LinuxQuestions.org
Visit Jeremy's Blog.
Go Back   LinuxQuestions.org > Forums > Linux Forums > Linux - Distributions > Slackware
User Name
Password
Slackware This Forum is for the discussion of Slackware Linux.

Notices


View Poll Results: Resemblance / Preference
SysV / SysV 4 8.70%
SysV / BSD 2 4.35%
BSD / BSD 26 56.52%
BSD / SysV 14 30.43%
Voters: 46. You may not vote on this poll

Reply
  Search this Thread
Old 08-28-2018, 03:26 AM   #16
bassplayer69
Member
 
Registered: Jul 2007
Location: In a van down by the river...
Distribution: Linux Mint 19.1 & Slackware64-Current
Posts: 222

Rep: Reputation: 50

I selected BSD/SysV since all the years I spent working with Unixware was sysV.
 
Old 08-28-2018, 04:18 AM   #17
igadoter
Senior Member
 
Registered: Sep 2006
Location: wroclaw, poland
Distribution: many, primary Slackware
Posts: 1,270
Blog Entries: 1

Rep: Reputation: Disabled
Truly I don't know. For me seems questions are not precise. Do OP means 'init' script - script which is marked as 'do not touch at any circumstances' - so I don't even tried to look carefully what is inside. If this is the case: I don't know where the init script comes from, UNIX or BSD. Or OP means scripts put in /etc/rc.d/. Running levels. etc. OpenBSD as I remember is using sysctl command to run or stop service. In Slackware I'm just switching chmod +/- rc.'service' to enable or disable the service. I don't know maybe that solution is just as well very unique to Slackware. Where this comes from? Good question to ask the creator of Slackware.
 
Old 08-28-2018, 06:51 AM   #18
a4z
Senior Member
 
Registered: Feb 2009
Posts: 1,727

Rep: Reputation: 740Reputation: 740Reputation: 740Reputation: 740Reputation: 740Reputation: 740Reputation: 740
excellent keynote from the last BSDCan2018
http://www.bsdcan.org/2018/schedule/events/927.en.html
I hope that Slackware deves have half an hour to invest and watch this
 
Old 08-28-2018, 09:02 AM   #19
orbea
Senior Member
 
Registered: Feb 2015
Distribution: Slackware64-current
Posts: 1,592

Rep: Reputation: Disabled
Just a friendly reminder.

Quote:
Originally Posted by TommyC7 View Post
Let's not derail this thread into another discussion about systemd, please. That's not what I asked for.
To stay on-topic I think its somewhat misleading to consider the Slackware init as a BSD or sysv init. Its very possible to run Slackware without a single sysv init script and while you can draw comparisons between /etc/rc.d/ and various BSD styled inits they aren't really the same thing and the similarities are mostly superficial. Personally I think the Slackware init is of a higher quality than the init in an OS like Freebsd.
 
Old 08-28-2018, 04:23 PM   #20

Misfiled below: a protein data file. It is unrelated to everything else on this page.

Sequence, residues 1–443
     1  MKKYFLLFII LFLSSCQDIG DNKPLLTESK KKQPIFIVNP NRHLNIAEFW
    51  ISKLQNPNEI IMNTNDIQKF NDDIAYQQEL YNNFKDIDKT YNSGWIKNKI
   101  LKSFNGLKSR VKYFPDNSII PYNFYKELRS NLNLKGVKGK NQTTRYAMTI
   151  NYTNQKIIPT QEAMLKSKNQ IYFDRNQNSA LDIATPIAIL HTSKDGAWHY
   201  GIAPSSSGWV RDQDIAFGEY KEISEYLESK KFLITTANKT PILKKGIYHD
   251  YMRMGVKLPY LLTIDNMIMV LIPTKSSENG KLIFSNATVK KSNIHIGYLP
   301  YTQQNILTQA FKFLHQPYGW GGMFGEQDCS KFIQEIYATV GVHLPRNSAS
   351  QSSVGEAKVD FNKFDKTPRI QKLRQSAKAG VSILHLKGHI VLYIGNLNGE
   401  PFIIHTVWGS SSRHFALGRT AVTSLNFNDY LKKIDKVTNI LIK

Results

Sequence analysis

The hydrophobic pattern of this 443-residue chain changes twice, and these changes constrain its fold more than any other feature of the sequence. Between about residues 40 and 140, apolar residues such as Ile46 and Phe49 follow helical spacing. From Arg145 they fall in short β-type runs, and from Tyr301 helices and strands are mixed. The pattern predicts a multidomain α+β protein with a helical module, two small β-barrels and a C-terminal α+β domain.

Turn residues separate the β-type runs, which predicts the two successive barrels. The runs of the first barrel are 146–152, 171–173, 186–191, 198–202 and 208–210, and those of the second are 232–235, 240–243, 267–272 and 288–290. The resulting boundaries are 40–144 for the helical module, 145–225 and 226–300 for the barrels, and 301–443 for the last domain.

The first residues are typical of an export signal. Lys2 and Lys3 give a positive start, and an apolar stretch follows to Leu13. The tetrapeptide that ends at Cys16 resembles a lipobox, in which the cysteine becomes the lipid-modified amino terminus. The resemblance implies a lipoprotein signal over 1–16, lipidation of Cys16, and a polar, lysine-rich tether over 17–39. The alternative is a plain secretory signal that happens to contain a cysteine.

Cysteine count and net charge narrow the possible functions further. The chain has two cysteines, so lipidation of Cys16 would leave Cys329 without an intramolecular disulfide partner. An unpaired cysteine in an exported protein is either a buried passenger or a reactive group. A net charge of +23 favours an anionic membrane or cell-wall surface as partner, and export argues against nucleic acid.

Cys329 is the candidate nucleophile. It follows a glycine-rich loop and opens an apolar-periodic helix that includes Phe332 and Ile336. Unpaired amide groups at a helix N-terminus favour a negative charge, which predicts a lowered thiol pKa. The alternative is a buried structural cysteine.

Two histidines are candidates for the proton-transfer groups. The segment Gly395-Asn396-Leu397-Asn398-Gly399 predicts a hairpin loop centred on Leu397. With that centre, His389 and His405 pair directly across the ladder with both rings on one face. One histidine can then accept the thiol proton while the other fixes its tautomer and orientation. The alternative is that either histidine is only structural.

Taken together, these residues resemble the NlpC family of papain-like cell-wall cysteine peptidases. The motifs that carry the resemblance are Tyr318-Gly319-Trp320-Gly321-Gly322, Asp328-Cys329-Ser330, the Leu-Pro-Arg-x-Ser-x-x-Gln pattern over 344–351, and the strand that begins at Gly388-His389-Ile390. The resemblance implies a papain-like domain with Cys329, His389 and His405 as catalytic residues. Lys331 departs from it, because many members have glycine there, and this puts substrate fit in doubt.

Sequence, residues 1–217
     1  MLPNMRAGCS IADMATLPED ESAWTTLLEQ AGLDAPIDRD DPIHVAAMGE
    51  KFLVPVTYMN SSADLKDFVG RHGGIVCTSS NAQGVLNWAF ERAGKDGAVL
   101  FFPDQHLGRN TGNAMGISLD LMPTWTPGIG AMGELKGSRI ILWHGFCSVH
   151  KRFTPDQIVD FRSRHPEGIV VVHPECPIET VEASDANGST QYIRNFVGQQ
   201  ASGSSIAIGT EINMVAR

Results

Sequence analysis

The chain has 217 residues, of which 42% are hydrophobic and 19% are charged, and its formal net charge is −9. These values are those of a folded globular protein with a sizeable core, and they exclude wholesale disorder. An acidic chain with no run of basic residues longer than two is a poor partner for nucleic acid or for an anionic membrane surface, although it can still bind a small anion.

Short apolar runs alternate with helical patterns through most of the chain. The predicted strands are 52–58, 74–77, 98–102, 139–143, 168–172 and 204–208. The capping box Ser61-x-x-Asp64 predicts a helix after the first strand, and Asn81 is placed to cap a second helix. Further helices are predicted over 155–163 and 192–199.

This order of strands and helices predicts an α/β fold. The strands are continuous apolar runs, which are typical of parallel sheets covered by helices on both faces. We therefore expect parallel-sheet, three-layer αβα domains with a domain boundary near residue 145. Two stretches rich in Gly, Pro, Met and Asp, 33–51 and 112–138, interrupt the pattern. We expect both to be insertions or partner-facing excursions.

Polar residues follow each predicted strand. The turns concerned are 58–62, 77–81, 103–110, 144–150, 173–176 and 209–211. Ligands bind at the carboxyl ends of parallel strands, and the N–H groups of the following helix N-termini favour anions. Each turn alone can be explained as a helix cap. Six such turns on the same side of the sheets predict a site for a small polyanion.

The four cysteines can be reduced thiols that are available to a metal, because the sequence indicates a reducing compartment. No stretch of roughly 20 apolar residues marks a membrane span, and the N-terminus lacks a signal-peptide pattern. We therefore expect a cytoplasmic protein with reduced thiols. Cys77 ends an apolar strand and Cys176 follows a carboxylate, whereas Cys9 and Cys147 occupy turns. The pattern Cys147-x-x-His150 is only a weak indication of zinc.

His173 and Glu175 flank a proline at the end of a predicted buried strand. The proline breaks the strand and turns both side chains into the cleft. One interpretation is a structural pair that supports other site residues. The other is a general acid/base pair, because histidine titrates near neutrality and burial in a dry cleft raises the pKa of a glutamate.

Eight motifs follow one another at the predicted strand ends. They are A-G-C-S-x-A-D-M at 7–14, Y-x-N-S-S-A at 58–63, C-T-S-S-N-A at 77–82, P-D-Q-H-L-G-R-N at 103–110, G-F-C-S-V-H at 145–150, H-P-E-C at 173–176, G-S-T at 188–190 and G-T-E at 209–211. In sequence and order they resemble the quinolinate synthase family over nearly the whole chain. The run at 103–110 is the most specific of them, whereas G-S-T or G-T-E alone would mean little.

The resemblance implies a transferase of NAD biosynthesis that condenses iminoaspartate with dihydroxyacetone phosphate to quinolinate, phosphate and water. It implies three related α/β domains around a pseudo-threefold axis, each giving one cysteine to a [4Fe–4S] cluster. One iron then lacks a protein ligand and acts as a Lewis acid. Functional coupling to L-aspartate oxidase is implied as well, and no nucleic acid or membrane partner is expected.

ChuangTzu
Senior Member
 
Registered: May 2015
Location: Where ever needed
Distribution: Slackware/Salix while testing others
Posts: 1,290

Rep: Reputation: 1181Reputation: 1181Reputation: 1181Reputation: 1181Reputation: 1181Reputation: 1181Reputation: 1181Reputation: 1181Reputation: 1181
Poll is not accurate, choices are not clear. As mentioned already there are more than one BSD init, Slackware is BSD like init, did not see that option.
 
1 members found this post helpful.
Old 08-28-2018, 05:46 PM   #21
TommyC7
Member
 
Registered: Mar 2012
Distribution: Slackware, CentOS, OpenBSD, FreeBSD
Posts: 502

Original Poster
Rep: Reputation: Disabled
Quote:
Originally Posted by ChuangTzu View Post
Poll is not accurate, choices are not clear. As mentioned already there are more than one BSD init
As previously stated on the first page:

Quote:
Originally Posted by TommyC7 View Post
... something like what the Wikipedia page describes for newer versions of {Net,Free}BSD (which, in my opinion, is similar to Slackware's organization of it).
Quote:
..., Slackware is BSD like init, did not see that option.
As previously stated on the first post:

Quote:
1. Which do you think Slackware's init system more closely represents (SysV or BSD)?

2. Which do you prefer?

The answer to #1 is the first option in the poll, and the answer to #2 is the second option in the poll, hence the 4 options.
So we know your answer to #1 at least (i.e. if you do choose to vote, options 3 or 4 are what you'd probably pick).
 
Old 08-29-2018, 03:01 PM   #22
ChuangTzu
Senior Member
 
Registered: May 2015
Location: Where ever needed
Distribution: Slackware/Salix while testing others
Posts: 1,290

Rep: Reputation: 1181Reputation: 1181Reputation: 1181Reputation: 1181Reputation: 1181Reputation: 1181Reputation: 1181Reputation: 1181Reputation: 1181
Other: BSD like init.
 
Old 08-29-2018, 08:17 PM   #23
gus3
Member
 
Registered: Jun 2014
Distribution: Slackware (x86 and ARM)
Posts: 154

Rep: Reputation: Disabled
What about a "no preference" option?

Slackware's heritage for init is clearly BSD, with an added framework for external packages that expect SysV-style init support. However, support has grown over the years for separate scripts for particular services, e.g. MariaDB, ntpd, network, containers, mail routing. It doesn't use the "service start/stop/status/restart" lingo from SysV, but it's still in the same vein of "a little work now saves lots of work later."

I've learned to use both frameworks, and I see the validity in both approaches, so I don't really have a preference.
 
Old 09-01-2018, 02:47 AM   #24
elcore
Member
 
Registered: Sep 2014
Distribution: Slackware
Posts: 590

Rep: Reputation: Disabled
Quote:
Originally Posted by a4z View Post
excellent keynote from the last BSDCan2018
http://www.bsdcan.org/2018/schedule/events/927.en.html
I hope that Slackware deves have half an hour to invest and watch this
I watched this keynote on the tube, it's mostly about attempting to port systemd features into FreeBSD (which has a huge repository of similar attempts already).
It's probably not going to happen on NetBSD anytime soon. And Slackware already has a fork which integrates it, so if it comes down to that; it will most certainly have one which disintegrates it.

Additionally, I don't think injecting an exploitable layer between kernel and userspace is a good idea, but it's good to have options for those in need.
 
1 members found this post helpful.